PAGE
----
Foggy days and frosty mornings.

Autumn is the time of year for foggy days and frosty mornings. Because you can’t see far doesn’t mean you cannot come up with images. You just have to be experimental and see what you come up with.

Autumn is great time for color. The variation and depth in the color is frost, bramblesamazing. Add some frost to it and it can become quite magical. Here a simple shot of a fallen tree with some brambles growing round is lovely. The colors in the natural world are stunning. This type of shot can be taken anywhere close to where you live. Most of us have small wooded areas nearby.

When you are doing this type of shot you have to think in more abstract way. Taking parts and making them into an image. Keeping too much in the image can make it too confusing.

When photographing in woodland it can be dark. You can up the ISO to get a better exposure for hand holding the camera. I prefer to go for better quality so carry my monopod with me. I can usually get away with exposures up to 1/2 second with this.

On foggy days, the camera doesn’t see as well as your eyes. That doesn’t mean you cannot come up with great images. I took this shot on higher ground. The fog was laying close to the ground. You could see the tree tops sticking out of the fog.

When the sun rose it lit the clouds above the mist. Don’t be afraid to photograph in any sort of weather. Use your imagination. You can come up with something to be proud of.

Go outdoors create some wonderful images.

 

 

sunrise, fog

 

Walking at Keld in Swaledale.

On a lovely autumn day I decided to do some walking at Keld in Swaledale. When I say walking I mean it fits around the photography. I did some research and came up with a lovely walk taking in a few waterfalls. This area of Swaledale has many to choose from. The walk that I chose is here. I didn’t take in the last falls Kisdon. The photography takes a lot longer than the 10 mins they allow at each fall. I will visit this another day.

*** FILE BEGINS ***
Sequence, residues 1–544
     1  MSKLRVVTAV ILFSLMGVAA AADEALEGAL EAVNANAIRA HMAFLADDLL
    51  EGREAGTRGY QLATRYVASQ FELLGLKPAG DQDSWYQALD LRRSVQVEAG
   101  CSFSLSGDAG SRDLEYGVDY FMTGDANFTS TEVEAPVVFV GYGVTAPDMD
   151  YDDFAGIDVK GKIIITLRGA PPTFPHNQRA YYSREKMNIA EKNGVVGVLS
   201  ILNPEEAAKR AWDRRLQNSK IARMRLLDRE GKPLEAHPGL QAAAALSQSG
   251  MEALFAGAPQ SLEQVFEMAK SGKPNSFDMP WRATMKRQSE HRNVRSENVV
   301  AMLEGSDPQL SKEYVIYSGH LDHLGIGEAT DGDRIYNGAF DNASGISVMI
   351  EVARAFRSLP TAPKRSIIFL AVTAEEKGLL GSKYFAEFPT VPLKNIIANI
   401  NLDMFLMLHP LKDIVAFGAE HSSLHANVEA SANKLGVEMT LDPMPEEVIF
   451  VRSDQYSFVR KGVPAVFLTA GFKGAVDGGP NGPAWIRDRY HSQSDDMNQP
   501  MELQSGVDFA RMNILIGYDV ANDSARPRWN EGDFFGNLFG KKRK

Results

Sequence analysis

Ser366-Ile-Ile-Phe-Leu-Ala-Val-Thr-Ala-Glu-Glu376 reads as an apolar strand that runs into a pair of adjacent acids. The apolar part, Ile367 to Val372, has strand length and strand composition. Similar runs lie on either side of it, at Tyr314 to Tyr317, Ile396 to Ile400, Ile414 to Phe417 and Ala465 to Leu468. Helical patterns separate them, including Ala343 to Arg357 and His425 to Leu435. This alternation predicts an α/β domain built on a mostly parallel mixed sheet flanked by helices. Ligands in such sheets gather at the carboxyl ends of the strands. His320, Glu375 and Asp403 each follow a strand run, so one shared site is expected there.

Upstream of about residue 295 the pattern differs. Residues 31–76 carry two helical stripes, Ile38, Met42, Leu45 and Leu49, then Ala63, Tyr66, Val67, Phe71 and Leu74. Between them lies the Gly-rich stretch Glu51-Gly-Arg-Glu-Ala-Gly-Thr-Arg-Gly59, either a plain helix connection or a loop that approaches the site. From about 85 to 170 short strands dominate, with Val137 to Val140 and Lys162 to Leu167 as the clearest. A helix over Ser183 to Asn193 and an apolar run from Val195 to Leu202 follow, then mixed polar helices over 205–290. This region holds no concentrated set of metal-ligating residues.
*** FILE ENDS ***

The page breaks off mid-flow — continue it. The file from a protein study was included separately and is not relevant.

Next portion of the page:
The first falls that I visited was Hoggarth’s leap. A lovely multi tiered waterfall.

keld swaledale
Hoggarth’s leap.

It has a large pool in front of it. It is a little limited on where you can photograph from. Definitely worth a visit though.  From here I walked down to Catrake falls. These falls are spectacular but not very good for photography. You cannot get to the bottom of them and the photographs from the top are too limited. Maybe there is a different route here and I will look into it for when I go back.

I will move onto the last part of my walk which is East Gill force. I have done this for reason. You will find out why very soon.  6476The image that I have chosen is where the beck joins the river Swale. It is a beautiful spot which is framed by trees.  I have added two walking poles to my kit and were much needed walking down the path to this fall. I have found the walking poles an invaluable part of my kit. After the accident I had  a while ago they will remain part of my kit.

Visiting Wain Wath Force was the middle section of the walk. The reason for leaving until the end was that I wanted to leave the image to make it the largest image. It is such  well known waterfall. The water flow was quite small. It is set in such spectacular scenery. It is a must if you are in this area of the country. I love the colors of the autumn trees. I have used a 30 second exposure at f22 on the shot to get the smooth look to the water.

Go out into the countryside and see a wonderful world. Go photograph it.

keld swaledale
Wain Wath Force.

 

Small sections of the landscape.

Instead of just concentrating on vast vista landscapes. Take some time  to focus in on the smaller sections of the landscape. Small sections of the landscape can represent an area or a season beautifully. When you decide to go out then you should have a plan in your mind of the type of shots you want. Keep the plan flexible. This day I had decided to concentrate on the autumn leaves.

On this particular lovely autumn day I had gone for walk in a local park to take some autumnal photographs. The park was at Nostell priory in Yorkshire. There were plenty of fallen multi coloured leaves on the floor. There was a roughly made bench under the branches of a tree. The scene just looked lovely and so harmonious with the colours. The focus was on the colour of the leaves in the scene so I didn’t need to take in the whole tree. The bench made a nice focal point for the shot. Shots like this look right in flat light which just wouldn’t suit a big landscape.

Keep your eyes open for such shots. They might not the impact of vast landscapes but they are so lovely and remind you of lovely days out.

Get outdoors and see the beautiful world we live in.

 

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